Resurgence of Hardware Music Synthesizers at the NAMM Music Show
By James Grahame
The recent development of stupidly powerful and stunningly affordable personal computers caused many people to loudly declare that hardware music synthesizers are a dying breed. It's true that software has virtually obliterated the low end of the market, but there were some fantastic "real" synthesizers at the 2007 Winter NAMM Show in Anaheim last week.
Moog's Little Phatty Stage Edition: Moog might be the only company in the world still capable of successfully marketing a $1375 monophonic analog synth. This new version costs slightly less than the Bob Moog Tribute Edition that preceded it. It features rubberized end-caps rather than the sleek (and easily scratched, dented and chipped) wood on the original.
Waldorf returns: Renowned German synthesizer company Waldorf returned from the grave last year. They unveiled two all-new synths at the show, both named after characters from James Bond films. Their flagship is the $3999 Stromberg, featuring analog modeling synthesis with 100-voice polyphony. The tiny $799 Blofeld packs 1000 sounds and editing capabilities into a sleek desktop unit. So what's next? The Octopussy patchbay?
Korg revives the M series and goes after the low end: The Korg M1 was one of the most popular wavetable workstation synths of the late 1980s, and several of my recordings from the era are bathed with its cavernous reverb and thunderclap drums. Korg is back with the M3. This time around, they unleash KARMA II synthesis and quite a few features from their incredibly expensive OASYS synth. This one looks to be a winner, as long as the price is somewhat reasonable. Speaking of reasonable, their little R3 synth/vocoder looks to be a great value. It has a clean and simple hands-on front panel, powerful synthesis algorithms borrowed from the Korg RADIAS, a formant vocoder and an arpeggiator for those 'Tangerine Dream' moments we all go through. I wouldn't be surprised to see this one priced under $700.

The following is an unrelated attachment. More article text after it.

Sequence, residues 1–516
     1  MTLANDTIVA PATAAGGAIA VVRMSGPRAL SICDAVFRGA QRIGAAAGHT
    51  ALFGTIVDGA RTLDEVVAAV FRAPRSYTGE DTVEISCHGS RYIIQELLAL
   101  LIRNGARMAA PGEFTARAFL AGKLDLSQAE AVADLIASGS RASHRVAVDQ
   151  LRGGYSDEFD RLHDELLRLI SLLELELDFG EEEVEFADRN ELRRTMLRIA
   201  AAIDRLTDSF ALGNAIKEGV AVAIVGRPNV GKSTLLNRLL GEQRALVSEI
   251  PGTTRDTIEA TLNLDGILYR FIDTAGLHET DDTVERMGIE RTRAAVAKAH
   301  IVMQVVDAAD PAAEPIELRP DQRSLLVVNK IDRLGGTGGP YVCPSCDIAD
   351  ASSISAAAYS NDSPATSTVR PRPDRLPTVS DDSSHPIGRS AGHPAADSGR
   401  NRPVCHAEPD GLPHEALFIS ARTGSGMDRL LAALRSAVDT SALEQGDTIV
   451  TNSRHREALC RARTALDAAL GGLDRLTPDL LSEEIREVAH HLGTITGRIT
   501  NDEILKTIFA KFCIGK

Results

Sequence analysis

Arturia Origin: Arturia is famous for their brilliant soft synth recreations of vintage instruments. Therefore, it comes as somewhat of a shock that they've introduced a rackmount/tabletop synth powered by two Analog Devices TigerSHARC DSP chips. It's capable of emulating the minimoog V, ARP 2600, the Yamaha CS-80, and the Moog Modular. Includes built-in effects, a step sequencer and integrated coffee machine (just checking you're still awake). The $2999 price tag isn't out of line for a machine of this caliber.
Roland: Oh, Roland. I raved about the simplicity of your SH-201 analog modelling synth unveiled at last year's winter NAMM. It looks like you ignored everything I said and followed up with the baffling V-Synth GT Advanced Elastic Audio Synthesizer. It offers a beautiful color display and lots of nice knobs. Unfortunately, I haven't a clue what it really does. What on earth is a "proprietary Elastic Audio Synthesis engine plus Vocal Designer?" Or "Sound Shaper II?" And check this out: "VariPhrase multi-core synthesis." 10 stars for the most impressive buzzwords. The retail price? It's still elastic, apparently.